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Your Business Plan: The Seven Essential Pieces
By Anne Ramstetter Wenzel, M.A.
Writing a good business plan for your business requires time, commitment and a good business plan template. To successfully create an effective business plan and strategy document, you should commit to setting aside several hours of uninterrupted time each week for several weeks (hold the phone calls!). Be sure to include the following seven sections in your business plan:
1) Executive summary
a. Write this last. Summarize the most important points of your plan (e.g., sales forecasts and growth strategies; why you need funding & what you will use the funds for; highlight the products or services you will sell, market growth and trends, key personnel).
b. Keep it brief and simple: You can copy and paste many of the sentences and charts included throughout the business plan.
2) Mission statement
a. Write a few sentences explaining why you are in business. Focus on the needs you satisfy for your customers, employees and you or your investors. Infuse your mission statement with enthusiasm.
3) Company history and description
a. What’s the legal form of your business, where is it located, what’s its history?
b. List current goods or services you provide.
c. List future goods or services you plan to introduce.
d. What is your competitive advantage? Why would people or businesses shop with you rather other companies?
4) Market analysis
a. What markets are you serving? Define your demographics by types of people (e.g., mothers with small children, young professional men, high income families) or size of business (e.g., companies with fewer than 10 employees, Fortune 500 companies, independent professionals), and/or geography (e.g., local area, national, international, Internet).
b. What’s the size of your potential market? Use U.S. Bureau of the Census or trade association data to estimate your market size.
c. What are the trends driving demand? Identify the changing demographics (e.g., people living longer, smaller families, more businesses being formed), life or business styles (e.g., more people living alone, more businesses outsourcing non-core functions) or tastes (changing color preferences or favorite types of sports) affecting your market.
d. What are the industry distribution and buying patterns? E.g., coaching services can be delivered one-on-one, or via teleclasses and workshops. Products can be sold in retail outlets, home shopping events or the Internet. What are the most common methods of distribution in your industry? Do people buy based on price, trust, reputation of the company, or perceived quality?
e. Who are your competitors, direct or indirect? For example, children’s book publishers compete with video games companies for their customers’ time and dollars.
5) Marketing plan
a. Marketing mix. How will you generate leads? Networking, direct mail, a web site, publishing a newsletter, press releases ~ detail what marketing campaigns you will launch and when.
b. Marketing budget. Estimate marketing campaigns costs and write out a monthly or quarterly budget.
c. Pricing strategy. Are you going to be the low cost leader, the “best value” or the most expensive/highest quality on the market?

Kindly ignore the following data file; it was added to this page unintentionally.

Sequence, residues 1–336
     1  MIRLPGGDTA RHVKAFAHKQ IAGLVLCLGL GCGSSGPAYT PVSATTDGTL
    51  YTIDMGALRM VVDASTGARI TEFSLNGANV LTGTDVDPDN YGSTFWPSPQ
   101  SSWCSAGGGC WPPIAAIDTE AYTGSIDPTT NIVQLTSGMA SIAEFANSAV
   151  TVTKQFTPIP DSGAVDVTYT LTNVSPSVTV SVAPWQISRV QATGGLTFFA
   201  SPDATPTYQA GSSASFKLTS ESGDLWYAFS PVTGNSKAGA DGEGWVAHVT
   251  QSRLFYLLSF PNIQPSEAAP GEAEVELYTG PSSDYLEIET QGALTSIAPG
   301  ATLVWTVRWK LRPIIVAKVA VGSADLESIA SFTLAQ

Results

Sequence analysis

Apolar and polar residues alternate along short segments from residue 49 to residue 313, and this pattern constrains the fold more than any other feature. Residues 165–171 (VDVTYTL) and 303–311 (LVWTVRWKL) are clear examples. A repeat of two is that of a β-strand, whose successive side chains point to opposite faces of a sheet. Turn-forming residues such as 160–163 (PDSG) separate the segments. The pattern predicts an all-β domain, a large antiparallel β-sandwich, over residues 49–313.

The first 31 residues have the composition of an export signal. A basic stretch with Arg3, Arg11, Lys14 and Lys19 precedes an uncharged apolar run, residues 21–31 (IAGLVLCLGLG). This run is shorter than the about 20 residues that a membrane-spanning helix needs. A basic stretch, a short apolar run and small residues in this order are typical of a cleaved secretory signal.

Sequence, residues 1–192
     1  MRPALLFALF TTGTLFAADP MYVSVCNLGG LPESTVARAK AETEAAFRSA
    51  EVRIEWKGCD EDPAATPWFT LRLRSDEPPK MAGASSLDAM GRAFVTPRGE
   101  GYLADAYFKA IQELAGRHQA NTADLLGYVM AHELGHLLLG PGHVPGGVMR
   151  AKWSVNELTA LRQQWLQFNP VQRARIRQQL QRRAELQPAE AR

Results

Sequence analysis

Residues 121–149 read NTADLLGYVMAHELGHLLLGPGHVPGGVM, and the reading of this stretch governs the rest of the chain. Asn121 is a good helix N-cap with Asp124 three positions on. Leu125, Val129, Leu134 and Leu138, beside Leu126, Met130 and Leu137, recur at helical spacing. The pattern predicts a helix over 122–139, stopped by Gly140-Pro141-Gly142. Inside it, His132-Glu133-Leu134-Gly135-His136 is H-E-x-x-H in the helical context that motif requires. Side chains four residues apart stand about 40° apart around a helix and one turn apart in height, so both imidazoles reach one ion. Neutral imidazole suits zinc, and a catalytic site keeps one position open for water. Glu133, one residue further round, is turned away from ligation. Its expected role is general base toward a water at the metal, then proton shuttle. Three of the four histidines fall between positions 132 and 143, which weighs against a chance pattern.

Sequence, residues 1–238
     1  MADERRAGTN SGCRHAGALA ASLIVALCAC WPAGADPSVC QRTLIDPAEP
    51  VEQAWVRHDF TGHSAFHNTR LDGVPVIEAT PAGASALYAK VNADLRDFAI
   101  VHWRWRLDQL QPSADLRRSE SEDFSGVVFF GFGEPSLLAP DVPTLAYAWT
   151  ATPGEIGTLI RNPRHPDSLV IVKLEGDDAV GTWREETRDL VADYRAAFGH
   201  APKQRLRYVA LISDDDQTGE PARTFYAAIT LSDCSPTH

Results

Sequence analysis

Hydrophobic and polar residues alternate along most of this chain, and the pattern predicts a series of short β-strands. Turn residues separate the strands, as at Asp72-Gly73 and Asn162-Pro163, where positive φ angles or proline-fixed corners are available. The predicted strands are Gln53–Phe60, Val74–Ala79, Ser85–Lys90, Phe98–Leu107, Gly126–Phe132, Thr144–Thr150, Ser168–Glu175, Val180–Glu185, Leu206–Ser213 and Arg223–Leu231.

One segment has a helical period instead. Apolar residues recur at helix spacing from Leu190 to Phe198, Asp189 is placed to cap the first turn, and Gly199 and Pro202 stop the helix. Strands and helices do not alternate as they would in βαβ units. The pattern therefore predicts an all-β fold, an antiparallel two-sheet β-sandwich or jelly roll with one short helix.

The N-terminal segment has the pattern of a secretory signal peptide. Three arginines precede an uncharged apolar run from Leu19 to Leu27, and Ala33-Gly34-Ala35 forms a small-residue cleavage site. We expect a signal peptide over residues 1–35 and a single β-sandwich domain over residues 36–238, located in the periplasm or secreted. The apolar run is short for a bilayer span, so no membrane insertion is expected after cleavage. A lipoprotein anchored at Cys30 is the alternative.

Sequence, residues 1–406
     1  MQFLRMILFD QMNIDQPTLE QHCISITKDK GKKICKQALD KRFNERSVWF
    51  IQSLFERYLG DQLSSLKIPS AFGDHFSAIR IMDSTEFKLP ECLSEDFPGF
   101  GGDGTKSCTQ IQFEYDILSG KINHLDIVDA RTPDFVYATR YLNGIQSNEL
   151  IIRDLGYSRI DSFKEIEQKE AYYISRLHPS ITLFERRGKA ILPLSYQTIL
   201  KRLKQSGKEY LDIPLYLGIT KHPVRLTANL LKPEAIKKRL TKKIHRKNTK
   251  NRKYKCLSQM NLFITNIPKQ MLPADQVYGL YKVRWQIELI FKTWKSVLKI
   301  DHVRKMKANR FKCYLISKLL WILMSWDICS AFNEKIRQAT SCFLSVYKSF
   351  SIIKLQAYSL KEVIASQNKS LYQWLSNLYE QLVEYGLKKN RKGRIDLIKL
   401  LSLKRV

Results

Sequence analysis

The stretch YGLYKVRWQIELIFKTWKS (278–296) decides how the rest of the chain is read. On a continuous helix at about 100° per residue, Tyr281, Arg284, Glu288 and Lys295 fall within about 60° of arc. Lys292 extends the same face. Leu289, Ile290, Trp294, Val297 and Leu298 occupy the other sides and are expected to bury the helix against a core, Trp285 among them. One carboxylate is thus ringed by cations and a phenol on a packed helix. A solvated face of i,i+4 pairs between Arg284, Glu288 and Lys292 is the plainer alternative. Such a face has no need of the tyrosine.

6) Management summary and personnel plan
a. Who will be the CEO, the VP of Marketing, the VP of Sales, the Director of Product Development, the VP of Finance and the business administrator? Who will produce the products or services, and sell to customers?
i. Write out a job description for each critical function.
ii. If you are working solo, schedule time to perform all management or production functions. You might choose a time each day, or a day each week to do bookkeeping, marketing, sales, product development, or you can break each day into segments.
iii. OR identify employees, contractors or consultants who will perform these jobs for you. How much will you pay? What are the legally required and other benefits you will provide? Create a personnel budget, and schedule regular reviews to ensure that all functions are being performed as delegated.
7) Financial statements.
a. Include a Balance Sheet, Profit & Loss statements (historical and projections), a Breakeven Analysis and Cash Flow projections.
b. Get financial templates from business planning or accounting books, web sites or software programs:
i. The Business Planning Guide: Creating a Plan for Success in Your Own Business, by David H. Bangs, Jr.
ii. Business Plan Pro, by Palo Alto Software.
iii. Accounting for Dummies, by John A. Tracy, CPA.
iv. The U.S. Small Business Administration. Go to www.sba.gov and click on “Business Plans” underneath “Starting Your Business.”
Don’t hesitate to ask for business planning help from a local small business development counselor, accountant, market researcher or business coach if you get stuck. Focus on completing one business plan section at a time, and you’ll eventually complete the seven pieces needed for your “blueprint for success.”
Anne Ramstetter Wenzel, owner of Econosystems, is an economist, market research consultant and established business writer who makes business planning easy for her clients. Ms. Wenzel helps her clients identify who is most likely to buy their products or services, then creates business planning documents that give focus and direction to their businesses. To sign up for her eNewsletter, Small and Home Business Market Monthly, visit
Copyright 2004, Econosystems
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For more insights on the economy, markets and life as an entrepreneur, visit Anne Wenzel’s “Reflections of an Economist” blog.